The study of algorithmic processes, computational devices, and computing itself is referred to as computer science. A broad variety of subjects are covered by computer science as a field. These topics include the mathematical theory of algorithms, computing, and information, as well as the practical problems associated with the implementation of computational systems in hardware and software.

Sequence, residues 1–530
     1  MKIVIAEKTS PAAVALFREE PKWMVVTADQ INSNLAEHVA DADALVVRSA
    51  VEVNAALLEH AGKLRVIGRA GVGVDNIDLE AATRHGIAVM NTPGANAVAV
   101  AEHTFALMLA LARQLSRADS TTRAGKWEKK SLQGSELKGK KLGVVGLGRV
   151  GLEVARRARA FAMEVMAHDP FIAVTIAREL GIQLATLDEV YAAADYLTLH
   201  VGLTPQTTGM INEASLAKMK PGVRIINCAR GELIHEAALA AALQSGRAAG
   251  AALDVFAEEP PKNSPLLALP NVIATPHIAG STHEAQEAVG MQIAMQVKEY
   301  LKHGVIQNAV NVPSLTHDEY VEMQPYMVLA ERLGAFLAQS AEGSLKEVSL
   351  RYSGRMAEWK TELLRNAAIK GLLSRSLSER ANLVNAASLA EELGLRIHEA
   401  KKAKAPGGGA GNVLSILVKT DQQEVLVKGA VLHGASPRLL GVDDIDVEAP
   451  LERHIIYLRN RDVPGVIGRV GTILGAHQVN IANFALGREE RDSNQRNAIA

Its subjects may be split into two categories: theoretical disciplines and practical disciplines. For example, the theory of computing is concerned with abstractions of computation and broad classes of problems that may be addressed using these models, while computer graphics or computational geometry are concerned with more particular applications of computation. Algorithms and data structures are sometimes referred to as the "heart" of computer science because of their importance. Programming language theory is concerned with methods to the modelling of computing processes, while computer programming is concerned with the use of programming languages to the creation of sophisticated systems. Computer architecture is the description of the building of computer components and computer-operated equipment (see Computer Architecture). In order to synthesise goal-oriented processes like as problem-solving, decision-making, environmental adaptability, planning and learning that are present in humans and animals, artificial intelligence is being developed. A digital computer has the capability of simulating a wide range of information processes and operations. The basic issue of computer science is the determination of what can and cannot be automated in certain situations. The majority of computer scientists devote their time to academic research. The Turing Award is often regarded as the most prestigious honour in the field of computer science and engineering.